2. In popular use, the mist formed by condensed vapor.

STEAM, v.i.

1. To rise or pass off in vapor by means of heat; to fume.

Let the crude humors dance in heated brass, steaming with fire intense.

2. To send off visible vapor.

Ye mists that rise from steaming lake.

3. To pass off in visible vapor.

The dissolved amber--steamed away into the air.

STEAM, v.t.

1. To exhale; to evaporate. [Not much used.]

2. To expose to steam; to apply steam to for softening, dressing or preparing; as, to steam cloth; to steam potatoes instead of boiling the; to steam food for cattle.

STEAM-BOAT, STEAM-VESSEL, n. A vessel propelled through the water by steam.

STEAM-BOILER, n. A boiler for steaming food for cattle.

STEAMED, pp. Exposed to steam; cooked or dressed by steam.

STEAM-ENGINE, n. An engine worked by steam.

STEAMING, ppr. Exposing to steam; cooking or dressing by steam; preparing for cattle by steam, as roots.

STEAN, for stone. [Not in use.]

STEARIN, n. One of the proximate elements of animal fat, as lard, tallow, etc. The various kinds of animal fat consist of two substances, stearin and elain; of which the former is solid, and the latter liquid.

STEATITE, n. [Gr., fat.] Soapstone; so called from its smooth or unctuous feel; a subspecies of rhomboidal mica. It is of two kings, the common, and the pagodite or lard-stone. It is sometimes confounded with talck, to which its is allied. It is a compact stone, white, green of all shades, gray, brown or marbled, and sometimes herborized by black dendrites. It is found in metalliferous veins, with the ores of copper, lead, zink, silver and tin.

STEATITIC, a. Pertaining to soapstone; of the nature of steatite, or resembling it.

STEATOCELE, n. [Gr., fat, a tumor.] A swelling of the scrotum, containing fat.

STEATOMA, n. [Gr.] A species of tumor containing matter like suet.

STED, STEDFAST. [See Stead.]

STEED, n. A horse, or a hose for state or war. [This word is not much used in common discourse. It is used in poetry and descriptive prose, and is elegant.]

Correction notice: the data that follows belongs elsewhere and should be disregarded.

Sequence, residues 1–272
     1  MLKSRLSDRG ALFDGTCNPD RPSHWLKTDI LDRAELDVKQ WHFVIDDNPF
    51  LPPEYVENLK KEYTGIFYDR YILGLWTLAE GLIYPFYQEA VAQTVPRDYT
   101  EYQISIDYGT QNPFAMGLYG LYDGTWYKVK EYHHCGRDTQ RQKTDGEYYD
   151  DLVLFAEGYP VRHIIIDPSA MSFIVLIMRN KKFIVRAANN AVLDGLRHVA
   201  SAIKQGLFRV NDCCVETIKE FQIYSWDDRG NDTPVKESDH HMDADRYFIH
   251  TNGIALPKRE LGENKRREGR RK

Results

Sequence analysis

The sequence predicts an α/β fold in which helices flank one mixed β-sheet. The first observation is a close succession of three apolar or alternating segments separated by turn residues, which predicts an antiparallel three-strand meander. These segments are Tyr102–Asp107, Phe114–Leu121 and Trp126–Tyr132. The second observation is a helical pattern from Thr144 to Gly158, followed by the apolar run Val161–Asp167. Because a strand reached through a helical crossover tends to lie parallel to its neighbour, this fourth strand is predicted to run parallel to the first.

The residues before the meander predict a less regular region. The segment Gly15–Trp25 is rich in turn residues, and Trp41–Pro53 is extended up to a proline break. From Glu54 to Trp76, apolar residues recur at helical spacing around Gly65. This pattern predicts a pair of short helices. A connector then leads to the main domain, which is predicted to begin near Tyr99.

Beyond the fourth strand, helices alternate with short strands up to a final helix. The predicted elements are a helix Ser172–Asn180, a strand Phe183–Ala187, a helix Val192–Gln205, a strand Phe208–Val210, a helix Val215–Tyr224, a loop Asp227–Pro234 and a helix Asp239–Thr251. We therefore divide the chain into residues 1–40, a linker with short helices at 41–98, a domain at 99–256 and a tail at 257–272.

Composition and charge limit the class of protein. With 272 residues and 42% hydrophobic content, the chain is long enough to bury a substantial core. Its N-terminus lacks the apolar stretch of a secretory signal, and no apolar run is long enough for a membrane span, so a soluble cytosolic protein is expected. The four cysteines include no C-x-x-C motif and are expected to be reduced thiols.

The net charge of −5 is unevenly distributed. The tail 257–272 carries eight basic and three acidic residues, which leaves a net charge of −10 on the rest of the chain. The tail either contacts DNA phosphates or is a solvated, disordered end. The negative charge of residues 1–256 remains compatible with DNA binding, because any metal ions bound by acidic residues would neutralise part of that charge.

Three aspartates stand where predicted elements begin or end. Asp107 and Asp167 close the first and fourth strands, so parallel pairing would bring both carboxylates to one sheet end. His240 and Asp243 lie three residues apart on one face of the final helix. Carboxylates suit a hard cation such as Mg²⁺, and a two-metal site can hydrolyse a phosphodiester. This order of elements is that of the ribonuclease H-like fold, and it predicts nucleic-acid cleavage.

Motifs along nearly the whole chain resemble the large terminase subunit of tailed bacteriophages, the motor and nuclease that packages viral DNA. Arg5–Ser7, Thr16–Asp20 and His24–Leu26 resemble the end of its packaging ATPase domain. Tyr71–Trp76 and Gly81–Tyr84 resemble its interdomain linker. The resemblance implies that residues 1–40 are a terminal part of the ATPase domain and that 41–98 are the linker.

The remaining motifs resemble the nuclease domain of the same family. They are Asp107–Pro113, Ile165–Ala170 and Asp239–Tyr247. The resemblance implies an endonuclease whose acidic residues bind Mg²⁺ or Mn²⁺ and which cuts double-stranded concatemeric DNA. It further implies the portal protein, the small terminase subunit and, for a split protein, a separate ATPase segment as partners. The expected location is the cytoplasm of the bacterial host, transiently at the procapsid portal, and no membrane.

Stout are our men, and warlike are our steeds.

STEEL, n. [G.]

1. Iron combined with a small portion of carbon; iron refined and hardened, used in making instruments, and particularly useful as the material of edged tools. It is called in chemistry, carburet of iron; but this is more usually the denomination of plumbago.

2. Figuratively, weapons; particularly, offensive weapons, swords, spears and the like.

Brave Macbeth with his brandishd steel.

-- While doubting thus he stood, receivd the steel bathd in this brothers blood.

3. Medicines composed of steel, as steel fillings.

After relaxing, steel strengthens the solids.

4. Extreme hardness; as heads or hearts of steel.

STEEL, a. Made of steel; as a steel plate or buckle.
STEEL, v.t.

1. To overlay, point or edge with steel; as, to steel the point of a sword; to steel a razor; to steel an ax.

2. To make hard or extremely hard.

O God of battles, steel my soldiers hearts.

Lies well steeld with weighty arguments.

3. To make hard; to make insensible or obdurate; as, to steel the heart against pity; to steel the mind or heart against reproof or admonition.

STEELED, pp. Pointed or edged with steel; hardened; made insensible.

STEELINESS, n. [from steely.] Great hardness.

STEELING, ppr. Pointing or edging with steel; hardening; making insensible or unfeeling.


1. Made of steel; consisting of steel.

Broachd with the steely point of Cliffords lance.

Around his shop the steely sparkles flew.

2. Hard; firm.

That she would unarm her noble heart of that steely resistance against the sweet blows of love.

STEELYARD, n. [steel and yard.] The Roman balance; an instrument for weighing bodies, consisting of a rod or bar marked with notches, designating the number of pounds and ounces, and a weight which is movable along this bar, and which is made to balance the weight of the body by being removed at a proper distance from the fulcrum. The principle of the steelyard is that of the lever; where an equilibrium is produced, when the products of the weights on opposite sides into their respective distances from the fulcrum, are equal to one another. Hence a less weight is made to indicate a greater, by being removed to a greater distance from the fulcrum.

STEEN, STEAN, n. A vessel of clay or stone. [Not in use.]

STEENKIRK, n. A cant term for a neck-cloth. [Not now in use.]

STEEP, a. Making a large angle with the plane of the horizon; ascending or descending with a great inclination; precipitous; as a steep hill or mountain; a steep roof; a steep ascent; a steep declivity.

STEEP, n. A precipitous place, hill, mountain, rock or ascent; any elevated object which slopes with a large angle to the plane of the horizon; a precipice.

We had on each side rocks and mountains broken into a thousand irregular steps and precipices.

STEEP, v.t. [probably formed on the root of dip.] To soak in a liquid; to macerate; to imbue; to keep any thing in a liquid till it has thoroughly imbibed it, or till the liquor has extracted the essential qualities of the substance. Thus cloth is steeped in lye or other liquid in bleaching or dyeing. But plants and drugs are steeped in water, wine and the like, for the purpose of tincturing the liquid with their qualities.